When the installation is dormant, a GAN comes into play, using a discriminator network trained on these 1.7 million documents. The generator network begins generating images which soon start to look much like the real ones but are documents that have never existed. Viewers are surrounded by a whirl of images in which it’s impossible to distinguish real from unreal. These images are new representations of the original subjects and texts, which are designated as art, so the images too are art. To me the interactive aspect is especially intriguing. The audience becomes part of it, with others seeing views of the work as it moves over the contours of your body. As in Borges’s “The Library of Babel,” on a library generated by 22 letters of the alphabet, plus punctuation marks, there is literally an infinity of images.

The images generated by DeepDream and GAN demonstrate how art and technology are fusing in the 21st century. For the moment, human artists program the machines. But it is the machines themselves that do the creating, going beyond the parameters set up by their human programmers.

Can AI art really be called art? Few question whether AI-created music is music. Some AI researchers, for instance, have trained artificial neural networks on hundreds of scores by Bach. Having learned the rules of baroque music, the machines come up with more of the same. It’s a long way from Bach because at present machines are rather limited and have neither emotions nor the memory of scores by Bach’s predecessors, as Bach did. But asked to pick which of two pieces is Bach and which by a machine, only about 50 percent of the listeners will make the right choice.

Next to make a splash will be art created entirely by machines with humans nowhere in the picture.

But it’s a pointless exercise. The point is not whether we can distinguish AI-created music from human music but whether machines will be able to create music of their own, music which at present we cannot imagine. There are already machines, such as nSynth, capable of producing musical sounds we’ve never heard before, and which musicians can use to create music.

But how can a machine made up of wires and transistors, created and programmed by human beings, be considered creative? While Mozart’s father taught him the rules of composition, we don’t attribute the son’s music to the father. Similarly, there’s no need to attribute the music or art a machine creates to its programmer. As for human creativity, we ourselves are an amalgam of bones, muscles, arteries, and veins. And we are clearly creative.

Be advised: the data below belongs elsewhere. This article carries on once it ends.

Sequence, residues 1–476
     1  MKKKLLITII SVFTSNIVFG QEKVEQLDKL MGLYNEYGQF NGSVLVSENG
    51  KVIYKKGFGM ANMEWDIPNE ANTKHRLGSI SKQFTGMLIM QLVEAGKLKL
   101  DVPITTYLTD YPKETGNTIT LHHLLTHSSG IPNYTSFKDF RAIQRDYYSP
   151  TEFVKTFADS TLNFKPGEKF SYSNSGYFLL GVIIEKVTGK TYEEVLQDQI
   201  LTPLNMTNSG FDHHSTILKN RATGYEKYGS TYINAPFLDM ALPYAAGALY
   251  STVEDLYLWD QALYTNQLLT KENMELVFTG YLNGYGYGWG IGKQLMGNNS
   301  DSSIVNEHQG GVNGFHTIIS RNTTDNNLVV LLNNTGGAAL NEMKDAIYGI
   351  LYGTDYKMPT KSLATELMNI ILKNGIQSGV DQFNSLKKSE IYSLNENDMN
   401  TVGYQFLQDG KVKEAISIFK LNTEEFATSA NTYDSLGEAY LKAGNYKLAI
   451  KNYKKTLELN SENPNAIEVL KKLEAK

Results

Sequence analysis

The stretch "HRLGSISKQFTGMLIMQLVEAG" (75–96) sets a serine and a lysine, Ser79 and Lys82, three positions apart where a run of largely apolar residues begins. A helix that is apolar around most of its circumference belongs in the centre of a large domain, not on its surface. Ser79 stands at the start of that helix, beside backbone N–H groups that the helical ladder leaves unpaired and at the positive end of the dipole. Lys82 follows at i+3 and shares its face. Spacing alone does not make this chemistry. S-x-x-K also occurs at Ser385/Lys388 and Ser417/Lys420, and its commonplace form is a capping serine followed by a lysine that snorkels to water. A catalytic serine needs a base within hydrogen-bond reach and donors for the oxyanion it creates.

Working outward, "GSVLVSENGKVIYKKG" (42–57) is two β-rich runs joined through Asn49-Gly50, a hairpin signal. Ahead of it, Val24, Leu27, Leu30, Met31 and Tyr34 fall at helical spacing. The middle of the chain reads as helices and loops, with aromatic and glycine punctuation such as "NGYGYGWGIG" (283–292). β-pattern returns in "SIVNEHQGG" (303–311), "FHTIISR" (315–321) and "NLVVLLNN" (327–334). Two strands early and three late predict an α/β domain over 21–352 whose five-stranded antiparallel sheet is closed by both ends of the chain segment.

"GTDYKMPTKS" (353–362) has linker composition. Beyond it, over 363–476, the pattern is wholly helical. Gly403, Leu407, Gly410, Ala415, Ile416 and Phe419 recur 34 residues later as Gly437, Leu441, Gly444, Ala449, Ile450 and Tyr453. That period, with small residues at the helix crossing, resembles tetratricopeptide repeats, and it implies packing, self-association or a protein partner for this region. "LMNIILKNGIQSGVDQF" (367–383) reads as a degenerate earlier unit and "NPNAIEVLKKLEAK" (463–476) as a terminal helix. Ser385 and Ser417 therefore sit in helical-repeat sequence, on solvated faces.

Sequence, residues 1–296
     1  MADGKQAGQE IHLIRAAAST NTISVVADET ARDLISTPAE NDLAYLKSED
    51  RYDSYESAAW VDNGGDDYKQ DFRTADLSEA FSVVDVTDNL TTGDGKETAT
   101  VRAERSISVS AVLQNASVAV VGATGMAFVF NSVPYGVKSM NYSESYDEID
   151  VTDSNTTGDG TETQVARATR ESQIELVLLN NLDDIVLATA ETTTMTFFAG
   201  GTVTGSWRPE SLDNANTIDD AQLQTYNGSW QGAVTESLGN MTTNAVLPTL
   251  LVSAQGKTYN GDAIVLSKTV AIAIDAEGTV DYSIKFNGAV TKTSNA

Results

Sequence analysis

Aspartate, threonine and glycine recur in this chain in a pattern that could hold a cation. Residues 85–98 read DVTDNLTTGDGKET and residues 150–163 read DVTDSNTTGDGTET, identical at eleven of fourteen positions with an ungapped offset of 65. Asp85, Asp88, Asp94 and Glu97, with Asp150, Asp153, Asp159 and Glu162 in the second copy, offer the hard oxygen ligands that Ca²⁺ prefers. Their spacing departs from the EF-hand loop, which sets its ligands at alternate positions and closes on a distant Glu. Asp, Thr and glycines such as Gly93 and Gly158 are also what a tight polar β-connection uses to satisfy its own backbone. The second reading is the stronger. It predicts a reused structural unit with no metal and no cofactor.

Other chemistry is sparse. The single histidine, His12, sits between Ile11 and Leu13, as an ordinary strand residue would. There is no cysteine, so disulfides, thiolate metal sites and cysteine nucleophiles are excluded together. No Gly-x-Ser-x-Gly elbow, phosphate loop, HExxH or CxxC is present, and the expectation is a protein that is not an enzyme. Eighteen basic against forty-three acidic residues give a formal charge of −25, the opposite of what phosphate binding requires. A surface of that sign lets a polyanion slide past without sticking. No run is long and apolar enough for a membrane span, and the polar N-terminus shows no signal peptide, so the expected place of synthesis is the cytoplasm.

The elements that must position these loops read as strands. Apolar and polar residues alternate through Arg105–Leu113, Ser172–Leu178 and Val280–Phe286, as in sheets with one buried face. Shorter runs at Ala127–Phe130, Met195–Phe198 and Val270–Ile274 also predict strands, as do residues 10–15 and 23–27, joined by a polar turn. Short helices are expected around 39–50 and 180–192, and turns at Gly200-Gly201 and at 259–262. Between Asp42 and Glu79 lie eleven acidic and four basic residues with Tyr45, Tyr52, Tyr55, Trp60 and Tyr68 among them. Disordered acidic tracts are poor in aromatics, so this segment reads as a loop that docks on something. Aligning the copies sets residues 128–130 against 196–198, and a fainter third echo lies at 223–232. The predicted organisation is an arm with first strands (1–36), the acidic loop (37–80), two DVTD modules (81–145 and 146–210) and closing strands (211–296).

What’s so different about the components of a machine? Like us, machines have a memory and can respond to the world around them and are built to adapt as they learn and think. When you feed pixels, text, or musical notes into an artificial neural network, they are all encoded and stored in the machine’s memory as numbers. We can imagine sculpting with words or musical notes or transforming Picasso’s Les Demoiselles d’Avignon into a symphony.

This goes for us too. We too are machines. At one level we are biological machines made up of muscles, bones, arteries, and veins; at a deeper level, chemical machines; and at the deepest level, neutrons, protons, gluons, and the rest of the elementary particles. In theory, the dynamics of these elementary particles can be calculated using the equations of quantum physics, which when encoded for computers become numbers. It’s numbers all the way down.

Next to make a splash will be art created entirely by machines with humans nowhere in the picture. AI art is already developing akin to the way in which human art has developed through the millennia. By doing so, AI art is opening our own minds, causing us to reflect on ourselves, what we’re made of, who we are. The next step will be when we merge with machines.

Arthur I. Miller is a scientist, historian, and author, and Emeritus Professor of the History and Philosophy of Science at University College London. His most recent book is The Artist in the Machine: The World of AI-Powered Creativity.